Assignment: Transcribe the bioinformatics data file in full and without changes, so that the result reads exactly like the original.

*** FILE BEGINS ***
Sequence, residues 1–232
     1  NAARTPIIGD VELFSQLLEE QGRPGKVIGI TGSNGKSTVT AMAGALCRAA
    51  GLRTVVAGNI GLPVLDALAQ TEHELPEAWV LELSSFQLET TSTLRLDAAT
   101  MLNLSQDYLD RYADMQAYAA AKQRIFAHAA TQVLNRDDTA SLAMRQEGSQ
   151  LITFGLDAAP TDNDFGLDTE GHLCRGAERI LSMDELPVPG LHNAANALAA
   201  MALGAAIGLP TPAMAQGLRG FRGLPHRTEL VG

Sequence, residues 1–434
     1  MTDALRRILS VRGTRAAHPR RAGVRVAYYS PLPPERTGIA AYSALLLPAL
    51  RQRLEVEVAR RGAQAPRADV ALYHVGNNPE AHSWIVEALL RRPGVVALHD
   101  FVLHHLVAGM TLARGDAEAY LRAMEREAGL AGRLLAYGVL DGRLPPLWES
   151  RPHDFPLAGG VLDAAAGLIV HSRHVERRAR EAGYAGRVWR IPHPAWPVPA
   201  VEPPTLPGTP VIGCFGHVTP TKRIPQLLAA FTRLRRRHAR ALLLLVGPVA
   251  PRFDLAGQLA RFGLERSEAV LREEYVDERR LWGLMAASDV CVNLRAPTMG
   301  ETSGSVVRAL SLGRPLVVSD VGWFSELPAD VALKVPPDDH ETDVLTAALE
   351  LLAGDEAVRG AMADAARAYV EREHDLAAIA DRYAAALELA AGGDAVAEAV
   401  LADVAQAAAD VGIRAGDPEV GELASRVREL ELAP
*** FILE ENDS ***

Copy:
Sequence, residues 1–232
     1  NAARTPIIGD VELFSQLLEE QGRPGKVIGI TGSNGKSTVT AMAGALCRAA
    51  GLRTVVAGNI GLPVLDALAQ TEHELPEAWV LELSSFQLET TSTLRLDAAT
   101  MLNLSQDYLD RYADMQAYAA AKQRIFAHAA TQVLNRDDTA SLAMRQEGSQ
   151  LITFGLDAAP TDNDFGLDTE GHLCRGAERI LSMDELPVPG LHNAANALAA
   201  MALGAAIGLP TPAMAQGLRG FRGLPHRTEL VG

Sequence, residues 1–434
     1  MTDALRRILS VRGTRAAHPR RAGVRVAYYS PLPPERTGIA AYSALLLPAL
    51  RQRLEVEVAR RGAQAPRADV ALYHVGNNPE AHSWIVEALL RRPGVVALHD
   101  FVLHHLVAGM TLARGDAEAY LRAMEREAGL AGRLLAYGVL DGRLPPLWES
   151  RPHDFPLAGG VLDAAAGLIV HSRHVERRAR EAGYAGRVWR IPHPAWPVPA
   201  VEPPTLPGTP VIGCFGHVTP TKRIPQLLAA FTRLRRRHAR ALLLLVGPVA
   251  PRFDLAGQLA RFGLERSEAV LREEYVDERR LWGLMAASDV CVNLRAPTMG
   301  ETSGSVVRAL SLGRPLVVSD VGWFSELPAD VALKVPPDDH ETDVLTAALE
   351  LLAGDEAVRG AMADAARAYV EREHDLAAIA DRYAAALELA AGGDAVAEAV
   401  LADVAQAAAD VGIRAGDPEV GELASRVREL ELAP